New York, London-The UK government does not believe that Saudi Arabia’s bombing campaign in Yemen violates international law, Foreign Secretary Boris Johnson said.
“So far, we do not believe that there has been a clear risk of a breach of the international humanitarian law,” Johnson told BBC One’s Andrew Marr Show, referring to the Saudi actions in Yemen.
He added: “At the moment, we do not think the threshold has been crossed.”
The Foreign Secretary then reaffirmed the British allegiance to the Arab kingdom by saying that the UK is “supportive” of Saudi Arabia and has a “longstanding partnership” with it.
He went on to say that the actions of Saudi Arabia are justified and even supported by the U.N..
“There is a campaign supported by the Arab League, by a vast coalition, supported by the U.N. to move Houthis out of Sanaa and restore the legitimate government,” Johnson said, referring to the Yemeni Houthi rebels who forced President Abd Rabbuh Mansour Hadi to go into exile and seized large swathes of Yemeni territory, including the Yemen’s capital of Sanaa in 2014 after ousted President Ali Abdullah Saleh was deposed in 2012.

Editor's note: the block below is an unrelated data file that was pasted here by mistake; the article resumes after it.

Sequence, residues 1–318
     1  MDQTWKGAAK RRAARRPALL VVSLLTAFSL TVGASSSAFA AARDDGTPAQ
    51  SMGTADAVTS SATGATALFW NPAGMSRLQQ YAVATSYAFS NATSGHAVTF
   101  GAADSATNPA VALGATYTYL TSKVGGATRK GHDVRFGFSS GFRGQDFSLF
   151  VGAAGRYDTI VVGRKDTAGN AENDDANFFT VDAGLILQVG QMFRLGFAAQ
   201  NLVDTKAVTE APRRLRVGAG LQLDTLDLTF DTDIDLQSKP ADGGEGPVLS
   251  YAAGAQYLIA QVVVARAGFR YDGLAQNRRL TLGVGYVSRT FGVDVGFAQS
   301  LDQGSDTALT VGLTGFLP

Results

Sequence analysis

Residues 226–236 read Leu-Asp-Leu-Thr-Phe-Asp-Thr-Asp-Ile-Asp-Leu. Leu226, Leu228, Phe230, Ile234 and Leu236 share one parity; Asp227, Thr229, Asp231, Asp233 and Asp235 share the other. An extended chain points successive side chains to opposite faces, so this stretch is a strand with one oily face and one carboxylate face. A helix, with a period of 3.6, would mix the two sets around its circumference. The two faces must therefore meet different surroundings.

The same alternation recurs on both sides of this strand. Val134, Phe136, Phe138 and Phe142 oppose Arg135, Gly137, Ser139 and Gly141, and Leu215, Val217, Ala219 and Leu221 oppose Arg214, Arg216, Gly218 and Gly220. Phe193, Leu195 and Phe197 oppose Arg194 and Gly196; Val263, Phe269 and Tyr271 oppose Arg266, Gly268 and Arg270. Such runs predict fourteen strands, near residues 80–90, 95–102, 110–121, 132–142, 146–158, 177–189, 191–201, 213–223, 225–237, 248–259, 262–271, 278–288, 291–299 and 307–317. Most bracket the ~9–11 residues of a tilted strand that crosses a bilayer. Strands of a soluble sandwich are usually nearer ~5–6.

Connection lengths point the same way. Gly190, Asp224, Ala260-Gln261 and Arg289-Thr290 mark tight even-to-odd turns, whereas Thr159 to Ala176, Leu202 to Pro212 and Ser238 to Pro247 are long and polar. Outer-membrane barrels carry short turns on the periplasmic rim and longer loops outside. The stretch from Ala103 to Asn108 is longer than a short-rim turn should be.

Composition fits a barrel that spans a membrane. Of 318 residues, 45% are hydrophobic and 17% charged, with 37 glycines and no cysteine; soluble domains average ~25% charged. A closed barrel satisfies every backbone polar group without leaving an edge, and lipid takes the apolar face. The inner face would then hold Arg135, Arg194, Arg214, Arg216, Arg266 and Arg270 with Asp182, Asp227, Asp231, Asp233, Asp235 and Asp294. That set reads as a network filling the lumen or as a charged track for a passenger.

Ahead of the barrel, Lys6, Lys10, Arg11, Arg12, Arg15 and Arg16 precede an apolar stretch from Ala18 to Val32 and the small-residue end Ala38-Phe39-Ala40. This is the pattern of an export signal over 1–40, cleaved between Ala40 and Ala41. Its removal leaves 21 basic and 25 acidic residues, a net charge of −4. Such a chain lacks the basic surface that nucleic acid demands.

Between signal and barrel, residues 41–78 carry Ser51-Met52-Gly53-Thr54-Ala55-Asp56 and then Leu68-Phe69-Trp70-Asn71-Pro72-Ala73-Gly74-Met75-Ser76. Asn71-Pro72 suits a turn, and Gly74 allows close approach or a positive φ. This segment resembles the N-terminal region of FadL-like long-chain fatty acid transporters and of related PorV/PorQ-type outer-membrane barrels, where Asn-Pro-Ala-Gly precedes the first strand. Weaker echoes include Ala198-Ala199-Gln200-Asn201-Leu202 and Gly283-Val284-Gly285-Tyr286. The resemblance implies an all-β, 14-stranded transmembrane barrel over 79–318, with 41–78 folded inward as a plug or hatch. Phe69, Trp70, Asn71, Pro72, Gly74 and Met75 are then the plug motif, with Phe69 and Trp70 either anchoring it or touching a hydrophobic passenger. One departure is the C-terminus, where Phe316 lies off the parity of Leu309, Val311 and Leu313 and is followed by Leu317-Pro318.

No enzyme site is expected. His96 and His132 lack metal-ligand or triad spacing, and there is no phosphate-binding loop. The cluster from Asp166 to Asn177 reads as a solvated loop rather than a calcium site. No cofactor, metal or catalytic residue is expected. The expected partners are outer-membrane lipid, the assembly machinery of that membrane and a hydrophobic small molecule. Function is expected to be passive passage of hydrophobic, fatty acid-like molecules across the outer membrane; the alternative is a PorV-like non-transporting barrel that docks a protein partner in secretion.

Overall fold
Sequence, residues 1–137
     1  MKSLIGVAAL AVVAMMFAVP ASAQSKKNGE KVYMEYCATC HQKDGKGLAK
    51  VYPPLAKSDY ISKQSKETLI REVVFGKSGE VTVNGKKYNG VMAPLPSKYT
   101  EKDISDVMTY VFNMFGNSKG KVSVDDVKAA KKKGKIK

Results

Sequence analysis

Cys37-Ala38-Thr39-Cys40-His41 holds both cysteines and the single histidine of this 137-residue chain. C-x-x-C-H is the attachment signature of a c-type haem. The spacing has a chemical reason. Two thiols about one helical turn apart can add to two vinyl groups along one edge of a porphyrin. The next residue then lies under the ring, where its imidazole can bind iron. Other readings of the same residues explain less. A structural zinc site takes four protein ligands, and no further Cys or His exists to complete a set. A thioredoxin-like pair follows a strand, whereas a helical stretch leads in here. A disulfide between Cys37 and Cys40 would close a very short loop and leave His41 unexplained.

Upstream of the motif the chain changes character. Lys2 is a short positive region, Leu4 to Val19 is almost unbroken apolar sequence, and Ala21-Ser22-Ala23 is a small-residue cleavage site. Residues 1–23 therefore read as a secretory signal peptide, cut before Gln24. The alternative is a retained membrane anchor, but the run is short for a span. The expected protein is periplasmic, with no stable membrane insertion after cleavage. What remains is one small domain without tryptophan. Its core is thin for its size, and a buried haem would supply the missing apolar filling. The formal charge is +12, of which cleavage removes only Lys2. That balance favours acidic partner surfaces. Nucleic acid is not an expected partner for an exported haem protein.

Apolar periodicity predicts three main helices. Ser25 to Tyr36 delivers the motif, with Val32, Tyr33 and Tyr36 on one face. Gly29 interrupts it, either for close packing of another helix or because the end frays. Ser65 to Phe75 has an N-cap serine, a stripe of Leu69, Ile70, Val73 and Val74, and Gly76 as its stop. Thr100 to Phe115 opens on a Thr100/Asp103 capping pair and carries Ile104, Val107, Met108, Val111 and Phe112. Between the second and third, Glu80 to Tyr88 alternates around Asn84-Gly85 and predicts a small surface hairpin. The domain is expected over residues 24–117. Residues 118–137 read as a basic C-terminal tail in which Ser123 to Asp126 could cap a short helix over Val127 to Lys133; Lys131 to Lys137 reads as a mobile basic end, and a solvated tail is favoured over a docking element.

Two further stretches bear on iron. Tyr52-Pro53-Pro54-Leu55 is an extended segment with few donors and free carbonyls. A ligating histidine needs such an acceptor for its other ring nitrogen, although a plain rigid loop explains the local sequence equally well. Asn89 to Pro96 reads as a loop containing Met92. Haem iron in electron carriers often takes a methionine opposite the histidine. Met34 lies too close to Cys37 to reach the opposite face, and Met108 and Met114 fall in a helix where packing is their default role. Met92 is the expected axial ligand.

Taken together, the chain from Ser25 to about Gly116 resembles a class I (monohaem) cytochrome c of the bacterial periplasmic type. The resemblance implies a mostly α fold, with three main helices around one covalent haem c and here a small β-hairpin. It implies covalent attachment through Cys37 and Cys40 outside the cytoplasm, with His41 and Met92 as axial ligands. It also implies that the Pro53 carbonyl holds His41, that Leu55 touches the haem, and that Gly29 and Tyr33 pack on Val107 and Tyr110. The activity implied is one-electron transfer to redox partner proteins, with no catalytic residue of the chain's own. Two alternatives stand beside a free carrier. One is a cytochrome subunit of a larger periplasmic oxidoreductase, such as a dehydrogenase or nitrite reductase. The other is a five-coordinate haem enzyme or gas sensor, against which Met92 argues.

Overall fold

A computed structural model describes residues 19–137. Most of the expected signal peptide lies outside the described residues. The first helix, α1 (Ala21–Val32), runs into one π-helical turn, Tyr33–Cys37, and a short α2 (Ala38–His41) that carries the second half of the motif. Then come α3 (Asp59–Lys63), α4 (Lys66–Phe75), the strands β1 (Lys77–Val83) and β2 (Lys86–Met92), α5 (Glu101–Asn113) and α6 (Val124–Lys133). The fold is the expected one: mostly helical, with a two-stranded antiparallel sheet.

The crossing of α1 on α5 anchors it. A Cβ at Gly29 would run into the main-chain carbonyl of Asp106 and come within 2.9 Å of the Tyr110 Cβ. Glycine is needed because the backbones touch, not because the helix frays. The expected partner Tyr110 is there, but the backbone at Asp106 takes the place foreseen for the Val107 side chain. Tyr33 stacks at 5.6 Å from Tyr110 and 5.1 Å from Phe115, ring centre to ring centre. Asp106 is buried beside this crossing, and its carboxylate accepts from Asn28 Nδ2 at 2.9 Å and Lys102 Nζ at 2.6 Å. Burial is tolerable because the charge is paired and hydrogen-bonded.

On Sunday, Johnson also put the blame solely on the Houthis by saying that they had “evicted the government and are attacking Saudi Arabia.”
At the same time, he denied that the UK is directly involved in the Saudi airstrikes in Yemen, arguing “we are not engaged in the command and control systems of the Saudi operations.”
“We tried to give general advice to the Saudis about how to do these things, but we are not in the targeting,” he told BBC journalist Andrew Marr, adding that the British advisors only “give general guidance about how targeting should work.”
On Monday, AFP quoted source close to Yemeni President saying: “Yemeni President Abd Rabbuh Mansour Hadi would cede power only to an ‘elected’ leader, after rejecting a U.N. peace roadmap asking him to hand over to a deputy.”
Hadi made his statement during talks held last week in Aden with U.N. special envoy Ismail Ould Cheikh Ahmed, who has begun a new attempt to restart negotiations between the government and Iran-backed rebels.
The official said the roadmap, whose content was not made public, requires Hadi to cede power to a vice president named in agreement with the rebels, a plan the president rejected.
“The roadmap has contradicted the Gulf initiative in terms of the president’s powers,” the official told AFP, adding that Hadi should run Yemen during the transition and supervise national dialogue and elections.
“He would pass his powers to an elected president,” the official said.
In his response to the U.N. mediator, Hadi demanded that Saleh and rebel Chief Abdul Malik al-Houthi “abandon politics and be forced into a country of exile of their choice for 10 years.”